|Getting stung on the eve of her adoptoversary; not fair.|
The season of the bloodsuckers is almost over but other bugs have cropped up.
We found one bald-faced hornet nest on our walk into the woods where we couldn't have gone until the mosquitoes and deer flies got better. It was large, undisturbed until now. Fortunately, this one was hanging on a tree, as it's supposed to, readily visible so we could avoid it.
But not all these buggers play by the rules.
|Bald-faced hornet nest. Image BugGuide|
On Sunday evening, I took Cookie for our walk-about, as we do at the end of each day; checking on rodent activity around the house. I thought we walked every inch of the place by now, but, apparently, I was wrong. As we were passing a patch of tall grass, Cookie pounced in as she normally does when she detects rodent activity.
She pounced into the tall grass to immediately fly back out of there.
She was shaking her head and started rubbing it against the bush and weeds.
There was no yelp but I could tell she got stung or bit by SOMETHING.
Because I couldn't see anything, and there was no swarming or buzzing, I got worried that it might have been a snake. We see garter snakes and green snakes around here but those are not dangerous.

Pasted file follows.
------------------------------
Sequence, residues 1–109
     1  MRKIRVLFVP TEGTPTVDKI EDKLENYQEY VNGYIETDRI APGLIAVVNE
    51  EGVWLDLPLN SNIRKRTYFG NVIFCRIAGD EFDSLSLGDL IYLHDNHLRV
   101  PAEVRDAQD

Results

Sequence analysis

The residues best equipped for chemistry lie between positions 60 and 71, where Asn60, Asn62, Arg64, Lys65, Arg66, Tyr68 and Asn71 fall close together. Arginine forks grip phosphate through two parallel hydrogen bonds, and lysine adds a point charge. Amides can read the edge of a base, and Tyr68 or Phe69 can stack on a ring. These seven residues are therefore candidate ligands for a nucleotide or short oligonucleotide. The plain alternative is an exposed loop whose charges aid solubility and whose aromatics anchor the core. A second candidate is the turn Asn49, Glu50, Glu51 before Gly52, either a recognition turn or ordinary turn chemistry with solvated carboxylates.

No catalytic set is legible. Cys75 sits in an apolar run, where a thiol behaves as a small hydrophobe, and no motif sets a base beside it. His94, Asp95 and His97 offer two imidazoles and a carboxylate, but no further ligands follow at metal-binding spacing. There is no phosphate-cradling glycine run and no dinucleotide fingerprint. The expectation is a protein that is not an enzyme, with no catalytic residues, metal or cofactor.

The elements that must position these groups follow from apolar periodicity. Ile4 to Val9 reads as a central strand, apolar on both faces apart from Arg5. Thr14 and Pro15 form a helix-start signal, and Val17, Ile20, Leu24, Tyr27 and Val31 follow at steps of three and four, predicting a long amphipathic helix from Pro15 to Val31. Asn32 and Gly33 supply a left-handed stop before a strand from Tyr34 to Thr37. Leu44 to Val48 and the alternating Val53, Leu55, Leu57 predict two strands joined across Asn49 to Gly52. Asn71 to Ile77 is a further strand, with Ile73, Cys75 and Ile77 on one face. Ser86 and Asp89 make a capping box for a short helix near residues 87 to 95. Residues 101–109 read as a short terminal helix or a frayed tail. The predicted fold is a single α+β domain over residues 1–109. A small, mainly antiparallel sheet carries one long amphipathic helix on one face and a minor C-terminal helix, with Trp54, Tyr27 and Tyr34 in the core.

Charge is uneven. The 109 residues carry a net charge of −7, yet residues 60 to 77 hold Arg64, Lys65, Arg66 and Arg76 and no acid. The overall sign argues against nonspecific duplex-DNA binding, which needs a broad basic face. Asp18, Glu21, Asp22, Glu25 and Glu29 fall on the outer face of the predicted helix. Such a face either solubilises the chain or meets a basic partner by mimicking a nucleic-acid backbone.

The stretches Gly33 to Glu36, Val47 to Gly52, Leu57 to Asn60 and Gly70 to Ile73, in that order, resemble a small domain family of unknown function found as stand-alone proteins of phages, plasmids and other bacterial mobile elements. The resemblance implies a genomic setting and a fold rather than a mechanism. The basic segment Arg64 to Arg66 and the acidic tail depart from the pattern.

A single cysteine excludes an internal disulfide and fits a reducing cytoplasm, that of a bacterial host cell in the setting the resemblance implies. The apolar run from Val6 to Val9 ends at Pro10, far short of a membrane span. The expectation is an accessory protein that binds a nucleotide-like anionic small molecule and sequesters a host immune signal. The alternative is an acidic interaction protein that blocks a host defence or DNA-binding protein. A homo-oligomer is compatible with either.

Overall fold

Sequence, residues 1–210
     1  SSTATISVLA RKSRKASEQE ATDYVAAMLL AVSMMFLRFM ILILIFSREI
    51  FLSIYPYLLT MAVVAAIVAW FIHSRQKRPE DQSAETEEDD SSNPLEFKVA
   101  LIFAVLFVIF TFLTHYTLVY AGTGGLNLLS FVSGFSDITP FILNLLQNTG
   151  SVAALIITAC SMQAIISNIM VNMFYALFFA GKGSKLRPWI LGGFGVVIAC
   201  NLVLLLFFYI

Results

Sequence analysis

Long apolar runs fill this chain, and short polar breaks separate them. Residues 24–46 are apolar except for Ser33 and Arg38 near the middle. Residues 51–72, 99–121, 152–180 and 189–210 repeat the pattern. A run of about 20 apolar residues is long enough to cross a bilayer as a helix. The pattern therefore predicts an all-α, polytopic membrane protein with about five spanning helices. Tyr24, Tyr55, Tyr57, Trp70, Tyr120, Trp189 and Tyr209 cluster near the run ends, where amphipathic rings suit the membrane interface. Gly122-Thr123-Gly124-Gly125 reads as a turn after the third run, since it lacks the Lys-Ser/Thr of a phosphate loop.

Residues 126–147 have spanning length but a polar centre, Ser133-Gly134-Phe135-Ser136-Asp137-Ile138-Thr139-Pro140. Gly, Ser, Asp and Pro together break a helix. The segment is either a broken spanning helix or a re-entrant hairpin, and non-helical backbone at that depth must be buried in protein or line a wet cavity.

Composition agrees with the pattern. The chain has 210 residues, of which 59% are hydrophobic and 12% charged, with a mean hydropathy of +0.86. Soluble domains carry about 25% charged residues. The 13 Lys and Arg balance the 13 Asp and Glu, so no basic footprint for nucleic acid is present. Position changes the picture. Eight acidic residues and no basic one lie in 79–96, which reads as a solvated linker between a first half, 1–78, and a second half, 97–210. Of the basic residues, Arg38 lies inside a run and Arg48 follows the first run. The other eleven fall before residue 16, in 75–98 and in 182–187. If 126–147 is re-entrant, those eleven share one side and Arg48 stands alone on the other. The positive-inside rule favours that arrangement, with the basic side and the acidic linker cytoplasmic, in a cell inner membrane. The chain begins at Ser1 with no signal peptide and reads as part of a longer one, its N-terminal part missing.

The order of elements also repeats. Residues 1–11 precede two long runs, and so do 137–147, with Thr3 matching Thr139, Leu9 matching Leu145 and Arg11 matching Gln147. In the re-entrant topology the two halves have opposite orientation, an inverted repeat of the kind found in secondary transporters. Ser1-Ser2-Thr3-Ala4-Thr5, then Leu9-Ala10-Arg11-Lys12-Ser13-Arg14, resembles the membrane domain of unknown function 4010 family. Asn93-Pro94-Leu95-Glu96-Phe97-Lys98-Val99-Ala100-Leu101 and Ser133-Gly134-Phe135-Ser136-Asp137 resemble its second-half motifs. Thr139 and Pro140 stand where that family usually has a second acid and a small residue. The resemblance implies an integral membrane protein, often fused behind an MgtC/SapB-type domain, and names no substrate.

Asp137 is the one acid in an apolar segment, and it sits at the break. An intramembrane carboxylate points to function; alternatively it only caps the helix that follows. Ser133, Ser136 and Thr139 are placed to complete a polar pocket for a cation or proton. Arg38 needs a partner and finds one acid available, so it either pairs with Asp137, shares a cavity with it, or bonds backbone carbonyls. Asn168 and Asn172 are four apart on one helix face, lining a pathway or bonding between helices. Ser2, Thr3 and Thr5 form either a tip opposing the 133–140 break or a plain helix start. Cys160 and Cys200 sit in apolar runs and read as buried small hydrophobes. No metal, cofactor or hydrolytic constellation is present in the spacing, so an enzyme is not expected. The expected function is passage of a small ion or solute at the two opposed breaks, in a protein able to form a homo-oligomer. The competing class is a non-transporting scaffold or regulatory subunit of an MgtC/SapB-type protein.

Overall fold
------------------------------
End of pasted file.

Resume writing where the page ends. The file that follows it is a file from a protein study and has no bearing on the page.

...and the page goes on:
|Butler's Gartersnake. Photo Reptiles and Amphibians of Ontario|
|Smooth Greensnake. Photo Reptiles and Amphibians of Ontario|
I brought Cookie inside and hubby and I went back out there to see if we could get a better look and maybe snap a photo so we could identify it properly. But when we got there it was gone; clearly it wasn't dead.
We looked up regional snakes and it was most likely a water snake.
|Northern Watersnake. Photo Reptiles and Amphibians of Ontario|
Those aren't dangerous either but because I wasn't completely sure about our identification, we stay away from that area just in case.
There were no sightings of rattle snakes here and the snake didn't sound any warning, even though I got pretty close before I spotted it. Because I am a worry wart, though, I became concerned about the possibility.
|Massasauga Rattle Snakee. Photo Reptiles and Amphibians of Ontario|
When she flew out of that tall grass, I was quite worried.
I immediately took her inside to keep her from further activity. I checked her nose and mouth for evidence of any puncture marks. I couldn't find any, which gave me hope that perhaps it wasn't a snake after all.
The mouth already started to swell a bit. I gave her Benadryl and I left her with hubby to keep an eye on her and went back out, hoping to maybe find out what it could have been that got her.
I knew that if it was a snake I wasn't likely to find it there any more but I had to go and try anyway.
And then, to my relief, I found it - a large bald-faced hornet nest, sitting right in the grass.
It must have been the bald-faced hornet that stung her. They weren't swarming; perfectly happy to go about their business as if nothing happened. It was a miracle and I'm thankful to God that all she got was one sting. Normally, with any disturbance, they swarm and attack in great numbers.
|Bald-faced hornet. Photo Wikipedia|
There is venom in the sting. Enough swelling can cause difficulty breathing. An allergic reaction can cause anaphylactic shock.
I came back in, reporting what I found; hubby is charged with the task of eliminating the nest.